Page 1


Shao-Yi Dodo Chiang

Copyright Shao-Yi Dodo Chiang 2014

Architecture of the Vernacular Common Thesis presented in partial fulfillment of the requirements for the degree of Bachelor of Architecture in the Department of Architecture of the Rhode Island School of Design by Shao-Yi Dodo Chiang Rhode Island School of Design 2014

Lauren Crahan, Critic, Department of Architecture, Primary Advisor

Jonathan Knowles, Associate Professor, Department of Architecture, Secondary Advisor

Hansy Barraza, Associate Professor, Department of Architecture, Thesis Coordinator

For dad, mom and both of my sisters. They are the inspiration of my being. For Lauren, this book will no be possible without your support.




Architecture, authored and perpetuated by the common people exists with the dimension of time. I am interested in developing an architectural framework which takes in the heritage of different local forms of vernacular architecture, such as processes, human capacity and spatial relationships and reinfuse them into a more resilient model for the future. This framework will embody the revolution of decomposition and fertilization investigate the new spatial opportunity of vernacular construction techniques and defines, for myself, the relationship between architecture professionals and the common people.


I still remember that day, when I first got back to Providence from California. The weather was freezing. I peeked down the canal while I was walking to the studio. On top of the water, laid a brick. I was surprised, perplexed, and then enlightened. How can brick float on top of the water? How does one start to float a brick? Our ability to extract logic and concept without the burden and limitation of its materiality.

What is the fundamental ability as human to construct? To construct space for light, for air, and the life within?

Stack, Pile, and Gravity Stacking is one of the most fundamental and instinctual abilities human have in constructing space. It is a multidimensional process of making and contemplative ritual that simply connects our body, mind to the material world. Throughout my trip in rural China, I saw piles and piles of materials that were stacked, bundled, packed and stored in various methods of organization by the local peasants. It was a genuine and fundamental human connection to the materials around them which gradually disappears in the developed world.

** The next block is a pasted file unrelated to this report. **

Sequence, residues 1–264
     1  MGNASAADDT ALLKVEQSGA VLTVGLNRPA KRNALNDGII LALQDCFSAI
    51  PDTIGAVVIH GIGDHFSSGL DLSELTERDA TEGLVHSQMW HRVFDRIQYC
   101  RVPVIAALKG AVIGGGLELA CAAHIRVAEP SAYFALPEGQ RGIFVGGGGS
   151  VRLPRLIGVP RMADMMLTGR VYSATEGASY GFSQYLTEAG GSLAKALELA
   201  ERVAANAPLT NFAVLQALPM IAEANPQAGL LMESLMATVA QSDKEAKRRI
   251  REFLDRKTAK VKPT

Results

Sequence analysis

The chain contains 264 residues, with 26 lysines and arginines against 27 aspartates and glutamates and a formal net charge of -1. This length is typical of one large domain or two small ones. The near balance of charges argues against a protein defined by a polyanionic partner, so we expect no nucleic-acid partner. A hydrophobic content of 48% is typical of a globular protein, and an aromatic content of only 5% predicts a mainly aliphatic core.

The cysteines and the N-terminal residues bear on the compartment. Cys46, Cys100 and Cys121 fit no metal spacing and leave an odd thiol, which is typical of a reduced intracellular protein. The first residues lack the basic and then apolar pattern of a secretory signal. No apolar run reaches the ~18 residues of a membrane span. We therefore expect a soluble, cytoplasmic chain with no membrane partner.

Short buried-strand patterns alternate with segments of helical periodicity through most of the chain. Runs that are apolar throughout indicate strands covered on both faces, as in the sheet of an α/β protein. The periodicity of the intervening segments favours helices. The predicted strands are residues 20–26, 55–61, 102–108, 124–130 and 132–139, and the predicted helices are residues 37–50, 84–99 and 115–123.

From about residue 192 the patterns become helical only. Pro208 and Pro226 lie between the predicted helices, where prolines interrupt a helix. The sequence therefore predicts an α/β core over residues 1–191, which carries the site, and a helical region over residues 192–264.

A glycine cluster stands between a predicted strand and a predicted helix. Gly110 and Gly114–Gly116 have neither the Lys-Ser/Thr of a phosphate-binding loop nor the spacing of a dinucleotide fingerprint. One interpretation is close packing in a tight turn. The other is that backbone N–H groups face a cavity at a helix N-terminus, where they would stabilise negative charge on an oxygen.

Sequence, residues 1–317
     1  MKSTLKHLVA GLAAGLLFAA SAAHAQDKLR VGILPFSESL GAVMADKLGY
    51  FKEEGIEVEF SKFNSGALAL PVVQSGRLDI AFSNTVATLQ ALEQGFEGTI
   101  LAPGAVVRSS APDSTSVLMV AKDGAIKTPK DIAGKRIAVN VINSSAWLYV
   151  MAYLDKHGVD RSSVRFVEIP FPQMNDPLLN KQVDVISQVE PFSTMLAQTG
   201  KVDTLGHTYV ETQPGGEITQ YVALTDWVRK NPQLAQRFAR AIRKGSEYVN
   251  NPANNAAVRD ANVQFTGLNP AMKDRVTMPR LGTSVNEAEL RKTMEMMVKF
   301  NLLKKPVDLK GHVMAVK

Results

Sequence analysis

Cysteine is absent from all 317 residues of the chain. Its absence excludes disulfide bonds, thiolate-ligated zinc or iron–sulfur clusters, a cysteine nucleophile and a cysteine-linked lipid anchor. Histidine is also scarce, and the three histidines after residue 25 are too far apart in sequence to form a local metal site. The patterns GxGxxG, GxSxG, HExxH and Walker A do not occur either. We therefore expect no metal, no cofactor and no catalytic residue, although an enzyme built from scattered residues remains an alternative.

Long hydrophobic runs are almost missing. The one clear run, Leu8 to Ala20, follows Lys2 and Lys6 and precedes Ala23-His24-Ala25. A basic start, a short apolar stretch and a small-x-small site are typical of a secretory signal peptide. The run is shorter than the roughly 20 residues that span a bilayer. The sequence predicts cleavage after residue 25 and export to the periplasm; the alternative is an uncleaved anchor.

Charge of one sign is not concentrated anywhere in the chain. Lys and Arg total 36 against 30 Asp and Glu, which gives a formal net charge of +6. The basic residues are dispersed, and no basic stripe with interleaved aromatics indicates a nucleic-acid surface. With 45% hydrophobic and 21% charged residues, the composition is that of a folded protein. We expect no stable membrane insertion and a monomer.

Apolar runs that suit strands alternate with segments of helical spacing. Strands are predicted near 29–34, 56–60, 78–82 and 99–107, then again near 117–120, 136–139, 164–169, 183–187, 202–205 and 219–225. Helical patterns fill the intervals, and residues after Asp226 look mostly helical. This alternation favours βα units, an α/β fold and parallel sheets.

Rock Pile, Robben Island, Cape Town, South Africa. Denali Schmidt, 2013

Collective Consciousness 1995, on the 5th anniversary of Nelson Mandela’s release, he returned to Robben Island along with all the other formal political prisoners. They revisited the quarry where prisoners made to excavate limestone using hand picks, shovels and wheelbarrows. Mandela walked out of the crowd and picked up a stone then placed it in the middle of the quarry. Without a word, each of his fellow prisoners followed. Together, they constructed a small mound of stone, a modest yet powerful reminder of their hardship and enduring in the fight for freedom.

Perpetuation of Everyday Life Why doesn’t anyone notice that the paper towel is overflowing? Why does we neglect a small act of compressing it down? What have we changed into in this world that every task is specialized? What is the most fundamental principle that we still hold on to in sustaining, maintaining and cultivating life? Is it because we no longer produce but only consume?

Collage and translational drawings and three dimensional model.